Layla Shaikley’s resume is full of accomplishments. The L.A.-born alum of MIT’s School of Architecture and Planning is a tech entrepreneur, winner of a prestigious NASA internship, coproducer of the viral video “Muslim Hipsters: #mipsterz,” cofounder of TedxBaghdad, and cofounder of software startup Wise Systems. Her ability to innovate is, according to Shaikley, inseparable from her experiences as a “visibly Muslim woman.”
Shaikley explains that her creativity and communication skills are a result of “all the explaining and learning how to pitch and sell myself” she did as a teenager growing up after 9/11. She resented the “false narratives” and Islamophobic stereotypes that proliferated. “My identity and beliefs as a Muslim woman are far from that,” she says. “I am adventurous, stylish. I love travel, I love science, and I am an independent thinker.” Despite Shaikley’s many facets, “ultimately, as a Muslim-American, I had to live in and constantly fight against an identity that I was completely unaffiliated with.”
She turned to fashion and style as “a tangible form of expressing my mixed identity.” This attentiveness to “design as messaging” is a hallmark of her work, whether she is designing software, social housing strategies, architectural plans for a Baghdad War Archive, or styling a video. “What else can I add to represent the things that I care about, or believe in, or both?” she asks herself.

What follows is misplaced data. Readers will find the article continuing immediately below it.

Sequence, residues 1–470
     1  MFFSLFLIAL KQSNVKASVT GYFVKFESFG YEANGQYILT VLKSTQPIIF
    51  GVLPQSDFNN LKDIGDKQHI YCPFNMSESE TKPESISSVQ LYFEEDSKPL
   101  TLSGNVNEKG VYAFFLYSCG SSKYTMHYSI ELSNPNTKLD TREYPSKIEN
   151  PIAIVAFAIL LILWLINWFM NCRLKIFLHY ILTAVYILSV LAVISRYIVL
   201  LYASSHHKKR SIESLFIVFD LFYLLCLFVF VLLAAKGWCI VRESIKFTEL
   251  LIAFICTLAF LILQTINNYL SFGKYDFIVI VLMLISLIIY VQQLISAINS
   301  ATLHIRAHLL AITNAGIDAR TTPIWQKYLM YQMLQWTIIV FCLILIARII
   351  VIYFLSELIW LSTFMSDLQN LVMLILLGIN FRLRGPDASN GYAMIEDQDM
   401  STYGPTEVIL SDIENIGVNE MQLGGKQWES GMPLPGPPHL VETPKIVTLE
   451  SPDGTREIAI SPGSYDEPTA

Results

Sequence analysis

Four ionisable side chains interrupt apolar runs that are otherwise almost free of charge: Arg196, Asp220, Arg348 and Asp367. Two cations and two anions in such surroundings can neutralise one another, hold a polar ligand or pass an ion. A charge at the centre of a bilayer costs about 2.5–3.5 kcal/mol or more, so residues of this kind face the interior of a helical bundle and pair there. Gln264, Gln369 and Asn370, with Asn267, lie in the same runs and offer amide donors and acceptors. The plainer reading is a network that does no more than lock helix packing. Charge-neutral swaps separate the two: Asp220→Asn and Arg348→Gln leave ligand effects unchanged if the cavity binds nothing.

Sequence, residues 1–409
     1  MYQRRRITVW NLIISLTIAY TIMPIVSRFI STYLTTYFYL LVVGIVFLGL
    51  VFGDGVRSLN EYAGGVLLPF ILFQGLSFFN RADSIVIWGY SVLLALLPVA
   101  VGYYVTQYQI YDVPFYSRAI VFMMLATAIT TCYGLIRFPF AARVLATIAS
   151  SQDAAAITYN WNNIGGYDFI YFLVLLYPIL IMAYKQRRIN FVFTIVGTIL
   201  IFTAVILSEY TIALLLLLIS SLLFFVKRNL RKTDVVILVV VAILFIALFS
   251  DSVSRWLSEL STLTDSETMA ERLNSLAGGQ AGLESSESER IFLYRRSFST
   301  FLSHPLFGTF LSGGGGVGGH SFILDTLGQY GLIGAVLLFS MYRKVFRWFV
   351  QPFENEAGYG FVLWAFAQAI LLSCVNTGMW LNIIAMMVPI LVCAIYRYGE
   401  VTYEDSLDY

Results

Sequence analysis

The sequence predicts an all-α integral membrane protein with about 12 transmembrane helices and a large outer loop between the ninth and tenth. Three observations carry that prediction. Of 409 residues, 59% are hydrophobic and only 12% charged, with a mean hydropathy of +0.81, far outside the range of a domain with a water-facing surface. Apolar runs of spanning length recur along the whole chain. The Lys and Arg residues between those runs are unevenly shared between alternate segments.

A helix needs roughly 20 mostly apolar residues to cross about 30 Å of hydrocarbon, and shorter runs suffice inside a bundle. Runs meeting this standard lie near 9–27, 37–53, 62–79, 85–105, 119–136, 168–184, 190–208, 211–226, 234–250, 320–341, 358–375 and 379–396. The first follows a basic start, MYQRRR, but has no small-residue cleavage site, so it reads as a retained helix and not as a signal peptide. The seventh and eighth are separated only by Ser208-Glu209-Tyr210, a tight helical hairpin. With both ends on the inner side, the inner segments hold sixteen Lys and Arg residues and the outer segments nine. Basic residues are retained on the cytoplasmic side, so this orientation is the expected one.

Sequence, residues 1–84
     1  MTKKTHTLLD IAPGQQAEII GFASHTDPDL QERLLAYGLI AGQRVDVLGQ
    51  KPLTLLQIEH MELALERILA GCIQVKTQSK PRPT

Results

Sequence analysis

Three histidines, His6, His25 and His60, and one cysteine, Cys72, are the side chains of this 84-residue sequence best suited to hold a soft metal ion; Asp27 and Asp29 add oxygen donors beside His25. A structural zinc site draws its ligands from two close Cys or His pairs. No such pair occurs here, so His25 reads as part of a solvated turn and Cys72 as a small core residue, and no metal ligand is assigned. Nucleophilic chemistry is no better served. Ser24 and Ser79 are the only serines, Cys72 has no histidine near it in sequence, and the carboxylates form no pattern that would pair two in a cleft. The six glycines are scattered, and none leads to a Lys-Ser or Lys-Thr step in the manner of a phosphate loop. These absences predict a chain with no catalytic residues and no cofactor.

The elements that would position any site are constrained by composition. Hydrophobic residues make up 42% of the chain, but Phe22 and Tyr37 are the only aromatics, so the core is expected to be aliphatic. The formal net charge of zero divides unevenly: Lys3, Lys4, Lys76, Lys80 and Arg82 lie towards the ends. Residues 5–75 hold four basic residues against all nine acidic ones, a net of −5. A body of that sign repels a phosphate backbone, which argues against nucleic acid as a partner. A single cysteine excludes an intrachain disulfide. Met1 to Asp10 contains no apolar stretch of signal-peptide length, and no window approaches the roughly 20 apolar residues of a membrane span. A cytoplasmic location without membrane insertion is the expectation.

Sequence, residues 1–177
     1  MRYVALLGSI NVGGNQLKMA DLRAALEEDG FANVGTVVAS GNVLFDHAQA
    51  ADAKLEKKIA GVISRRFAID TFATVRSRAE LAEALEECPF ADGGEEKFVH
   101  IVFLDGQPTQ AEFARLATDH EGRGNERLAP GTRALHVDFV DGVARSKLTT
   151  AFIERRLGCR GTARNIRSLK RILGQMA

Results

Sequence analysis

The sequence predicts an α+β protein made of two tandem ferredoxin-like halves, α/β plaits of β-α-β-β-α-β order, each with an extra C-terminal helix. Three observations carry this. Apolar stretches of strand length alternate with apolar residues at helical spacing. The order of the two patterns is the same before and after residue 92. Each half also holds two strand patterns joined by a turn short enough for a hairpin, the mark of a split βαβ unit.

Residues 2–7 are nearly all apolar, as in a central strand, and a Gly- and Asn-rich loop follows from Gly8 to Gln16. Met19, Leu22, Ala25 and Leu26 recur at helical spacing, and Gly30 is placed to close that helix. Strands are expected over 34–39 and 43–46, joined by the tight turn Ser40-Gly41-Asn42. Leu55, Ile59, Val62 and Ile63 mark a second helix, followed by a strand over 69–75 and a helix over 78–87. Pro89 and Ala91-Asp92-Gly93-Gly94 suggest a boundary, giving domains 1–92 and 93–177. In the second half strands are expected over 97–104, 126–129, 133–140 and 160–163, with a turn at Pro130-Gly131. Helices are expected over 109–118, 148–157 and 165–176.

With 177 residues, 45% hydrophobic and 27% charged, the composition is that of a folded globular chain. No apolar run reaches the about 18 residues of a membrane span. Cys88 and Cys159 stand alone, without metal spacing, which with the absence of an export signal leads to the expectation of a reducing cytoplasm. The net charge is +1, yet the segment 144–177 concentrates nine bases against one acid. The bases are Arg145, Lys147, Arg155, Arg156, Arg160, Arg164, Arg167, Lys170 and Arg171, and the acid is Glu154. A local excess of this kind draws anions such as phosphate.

“If any woman chooses to wear the hijab, she’s definitely expressing her independent thinking and her ability to make decisions for herself,” Shaikley says. Bold moves are par for the course. “There are parallels between being really super creative and facing these kinds of constructs,” she contends. “Any kind of conflict or challenge usually makes me a better designer.”
Tagouri says that the hardest part of being a reporter is getting people to trust you. As an American hijabi, she understands the wariness. “I have an empathy for communities that have been misrepresented because I know what that’s like,” she says. For an investigative report on an abandoned housing facility for the mentally disabled in the D.C. area, former staff and residents were initially reluctant to open up to her. Sharing her own struggles helped win them over.